Have you heard of the Pachira Plant? The Money Tree? Surely, you have heard of one or the other. Actually, they are both the same thing. One is just its fancy name. Either way, it is a great tree that you should definitely know about. Despite its name, the Money Tree does not grow dollars or coins. But instead, a succulent fruit that grows like football shaped large woody pods that can reach 30cm in length. There is confusion between the two related Pachira species, the Malabar Chestnut and the Guiana Chestnut. While the trees are distinctly different in appearance, the scientific names are often used interchangeably. For whatever reason, in the Western U.S. and Hawaii, Pachira Aquatica often refers to the smaller fruiting Malabar Chestnut, while in the Eastern U.S. it refers to the larger fruiting Guiana Chestnut. Let us keep this in mind, and thus avoid much of the confusion.
Pachira glabra is medium sized tree, reaching from 30-60 feet (9-18 m) tall. The trunk is smooth and greenish gray, and often swollen at the base. The alternate leaves are 6-11 inches (15-28 cm) in length and compound, with 5-9 leaflets. The large and showy flowers are perfect and terminal, with a long peduncle. The petals and numerous stamens are white. The fruit is a smooth, green capsule, 4-8 inches (10-20 cm) in length, and splits opens naturally on longitudinal sutures when ripe. The seeds are rounded but irregular, with about 10-25 per fruit. They are about 1 inch (2.5 cm) in diameter, with a light brown testa.
Pachira fruit is a pod whose shape and texture is similar to cacao, and when it is ripe, it turns to reddish-brown, also like cacao, and bursts open to expose large seeds. The seeds which can be eaten raw or roasted. Roasting gives the seeds a chestnut texture and flavor. The seeds can be stored for months in a cool dry place until ready to use. Young leaves and flowers are also edible. Analyses conducted by researchers from the Department of Biochemistry and Molecular Biology at the University of Ceara in Brazil found that Pachira seeds have high amounts of protein (16%) and fat (40 to 50%), and that the essential amino acids tryptophan, threonine and phenylalanine they contain are higher than those found in human milk, chicken egg and cow’s milk. These essential amino acids, which the body obtains from food, promote normal growth in infants and nitrogen and protein balance in adults. However, raw seeds can also be toxic if the embryos are not removed.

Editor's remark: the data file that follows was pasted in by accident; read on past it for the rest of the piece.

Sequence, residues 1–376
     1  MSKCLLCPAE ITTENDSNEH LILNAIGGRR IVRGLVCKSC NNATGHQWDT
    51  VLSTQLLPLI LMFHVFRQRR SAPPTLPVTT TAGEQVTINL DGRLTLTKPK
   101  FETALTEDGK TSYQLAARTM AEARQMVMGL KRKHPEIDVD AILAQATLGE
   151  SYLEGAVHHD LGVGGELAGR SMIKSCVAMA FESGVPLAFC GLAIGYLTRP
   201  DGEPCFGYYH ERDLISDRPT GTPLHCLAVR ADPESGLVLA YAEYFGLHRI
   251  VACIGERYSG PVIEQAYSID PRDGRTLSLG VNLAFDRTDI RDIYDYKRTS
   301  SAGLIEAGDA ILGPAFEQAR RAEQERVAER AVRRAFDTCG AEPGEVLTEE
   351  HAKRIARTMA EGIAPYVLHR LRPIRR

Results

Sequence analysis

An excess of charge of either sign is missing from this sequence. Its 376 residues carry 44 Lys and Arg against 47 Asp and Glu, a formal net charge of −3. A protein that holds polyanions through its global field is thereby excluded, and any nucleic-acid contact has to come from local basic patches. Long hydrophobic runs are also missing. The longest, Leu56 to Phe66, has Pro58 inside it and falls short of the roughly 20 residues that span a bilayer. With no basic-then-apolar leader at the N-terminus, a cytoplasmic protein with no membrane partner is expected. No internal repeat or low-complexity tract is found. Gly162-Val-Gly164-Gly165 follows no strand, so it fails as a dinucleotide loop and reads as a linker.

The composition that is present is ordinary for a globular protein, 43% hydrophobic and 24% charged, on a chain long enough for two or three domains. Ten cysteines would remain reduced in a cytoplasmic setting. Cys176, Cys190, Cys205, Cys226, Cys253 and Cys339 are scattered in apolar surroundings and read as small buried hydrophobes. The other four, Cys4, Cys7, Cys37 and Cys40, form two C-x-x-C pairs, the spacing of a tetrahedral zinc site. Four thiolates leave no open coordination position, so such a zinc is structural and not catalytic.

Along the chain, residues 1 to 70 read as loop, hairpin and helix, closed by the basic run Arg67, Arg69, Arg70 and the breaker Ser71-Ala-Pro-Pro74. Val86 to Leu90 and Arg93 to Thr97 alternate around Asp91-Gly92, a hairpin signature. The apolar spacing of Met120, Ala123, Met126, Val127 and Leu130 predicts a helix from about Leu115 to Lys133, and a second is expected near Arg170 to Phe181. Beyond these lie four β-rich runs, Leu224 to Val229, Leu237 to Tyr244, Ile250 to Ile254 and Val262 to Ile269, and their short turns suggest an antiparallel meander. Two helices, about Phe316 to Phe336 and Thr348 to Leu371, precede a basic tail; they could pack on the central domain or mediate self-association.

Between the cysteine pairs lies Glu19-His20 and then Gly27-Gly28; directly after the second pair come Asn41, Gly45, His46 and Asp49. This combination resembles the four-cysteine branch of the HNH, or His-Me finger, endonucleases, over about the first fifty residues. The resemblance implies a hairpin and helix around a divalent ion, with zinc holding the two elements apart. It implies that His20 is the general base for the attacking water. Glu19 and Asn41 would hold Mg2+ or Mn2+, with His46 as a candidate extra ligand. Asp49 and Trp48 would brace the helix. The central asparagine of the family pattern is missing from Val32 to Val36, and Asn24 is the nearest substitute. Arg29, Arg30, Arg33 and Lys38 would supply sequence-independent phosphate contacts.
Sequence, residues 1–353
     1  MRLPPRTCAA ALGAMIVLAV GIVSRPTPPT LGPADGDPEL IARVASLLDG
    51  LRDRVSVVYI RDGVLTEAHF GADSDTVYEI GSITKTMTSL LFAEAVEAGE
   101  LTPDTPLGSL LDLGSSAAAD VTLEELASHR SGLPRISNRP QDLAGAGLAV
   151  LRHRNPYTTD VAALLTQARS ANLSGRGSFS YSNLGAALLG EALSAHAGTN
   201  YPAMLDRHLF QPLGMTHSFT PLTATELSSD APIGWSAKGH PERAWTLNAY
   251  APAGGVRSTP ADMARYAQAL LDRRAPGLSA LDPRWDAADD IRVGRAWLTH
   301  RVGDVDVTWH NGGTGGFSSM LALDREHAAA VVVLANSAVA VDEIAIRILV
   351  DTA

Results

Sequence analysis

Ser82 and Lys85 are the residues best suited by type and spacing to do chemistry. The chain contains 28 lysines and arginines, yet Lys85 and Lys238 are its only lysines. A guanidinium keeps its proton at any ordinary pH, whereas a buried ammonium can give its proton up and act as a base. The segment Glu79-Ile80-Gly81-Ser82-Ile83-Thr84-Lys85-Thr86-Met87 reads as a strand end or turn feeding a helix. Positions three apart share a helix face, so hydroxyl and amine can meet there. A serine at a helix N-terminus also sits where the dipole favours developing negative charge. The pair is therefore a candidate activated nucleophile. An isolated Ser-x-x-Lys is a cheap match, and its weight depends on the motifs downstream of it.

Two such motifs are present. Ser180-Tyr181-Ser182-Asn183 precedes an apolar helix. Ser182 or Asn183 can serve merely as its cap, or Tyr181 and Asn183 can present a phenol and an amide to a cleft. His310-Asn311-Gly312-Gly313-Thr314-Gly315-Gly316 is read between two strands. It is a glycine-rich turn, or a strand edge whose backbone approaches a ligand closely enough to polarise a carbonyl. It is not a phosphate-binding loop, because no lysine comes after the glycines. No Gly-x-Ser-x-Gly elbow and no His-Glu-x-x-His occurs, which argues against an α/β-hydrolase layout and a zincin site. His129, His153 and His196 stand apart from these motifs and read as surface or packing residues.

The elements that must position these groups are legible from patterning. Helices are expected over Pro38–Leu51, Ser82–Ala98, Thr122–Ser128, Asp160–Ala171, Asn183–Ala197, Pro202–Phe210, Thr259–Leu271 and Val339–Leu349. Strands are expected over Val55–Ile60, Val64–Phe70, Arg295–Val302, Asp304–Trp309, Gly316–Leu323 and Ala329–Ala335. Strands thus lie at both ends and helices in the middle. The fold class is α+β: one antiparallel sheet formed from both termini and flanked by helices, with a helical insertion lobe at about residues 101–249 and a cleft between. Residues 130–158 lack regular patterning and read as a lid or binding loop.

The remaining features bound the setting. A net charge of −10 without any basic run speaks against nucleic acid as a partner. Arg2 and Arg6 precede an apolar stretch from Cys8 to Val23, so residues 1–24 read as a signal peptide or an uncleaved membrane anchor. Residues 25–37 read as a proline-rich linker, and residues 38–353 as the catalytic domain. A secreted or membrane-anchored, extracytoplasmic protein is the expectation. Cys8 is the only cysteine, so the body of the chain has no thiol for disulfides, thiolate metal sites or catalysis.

The Money Tree
The money tree design (bonsai) originated in Taiwan in the 1980s, and was quickly picked up by many other Asian nations. Areas with large Asian populations frequently have money tree plants for sale, because they are supposed to bring good luck and fortune. The money tree plant is particularly associated with China, and is often given out at Chinese New Year complete with red banners and other lucky decorations. A money tree plant with leaves in clusters of seven, another powerful number, is considered to be especially lucky.
Legend has it that a poor farmer in a small valley community in Taiwan discovered a Pachira tree growing in his field one day. He was a hard-working farmer, but his labors yielded minimal returns. He realized that it was an unusual plant. The farmer took the plant home to study it, thinking to himself that perhaps this was the answer to his prayers for prosperity. He quickly learned that the plant required very little attention, being hardy and tolerant of low light and dry conditions. He cultivated several plants from seeds, and took them to the local marketplace. They sold immediately, and people clamored for more. The elated farmer called his prize plant the “good luck money tree” or “good fortune tree,” and this common name resonates worldwide now.
The real story: According to the Aris b.v. nursery website, Taiwanese agricultural engineers first encountered the wild Pachira tree growing in the mountains of Mexico in 1964. Their initial thought was to explore the potential of the Pachira as a fruit tree. They took seeds to Taiwan and planted them in the mountains, but the fruits could not sustain industrial production. The number of trees, though, multiplied dramatically.
You have to try this. Can’t describe it – you gotta make it. 🙂
80 g butter
100 g dark chocolate
80 g caster sugar
30 g flour
200 g butter
1 tablespoon icing sugar
2 tablespoons Pachira Cream
Melt chocolate and butter in microwave. Mix eggs and sugar until frothy and stir into the chocolate/butter mixture. Add flour gradually. Half fill the cupcake boxes to the preparation; add a tablespoon Pachira cream and cover with chocolate mixture. Bake for 20 minutes at 200 ° thermostat cool.
Beat butter until fluffy, add a tablespoon of icing sugar and stir in Pachira cream, beat again for a few minutes. Place the Pachira in a cream pastry bag and decorate each cupcake.
170g flour T55
80g ground almonds
1 packet yeast
80 g dark brown sugar
1 tbsp Pachira cream
1 tsp vanilla extract
120g pumpkin puree
250 ml milk
2 tbsp honey
Mix everything and put in a muffin pan, silicone is better. 20 minutes in oven at 180 c. Let it cool before removing from pan. Voilà! Ready to eat!